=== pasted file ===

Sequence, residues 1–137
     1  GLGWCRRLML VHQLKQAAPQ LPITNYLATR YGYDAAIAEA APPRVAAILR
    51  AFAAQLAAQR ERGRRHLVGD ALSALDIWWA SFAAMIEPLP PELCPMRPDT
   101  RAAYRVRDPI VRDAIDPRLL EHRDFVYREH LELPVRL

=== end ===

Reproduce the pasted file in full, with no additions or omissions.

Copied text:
Sequence, residues 1–137
     1  GLGWCRRLML VHQLKQAAPQ LPITNYLATR YGYDAAIAEA APPRVAAILR
    51  AFAAQLAAQR ERGRRHLVGD ALSALDIWWA SFAAMIEPLP PELCPMRPDT
   101  RAAYRVRDPI VRDAIDPRLL EHRDFVYREH LELPVRL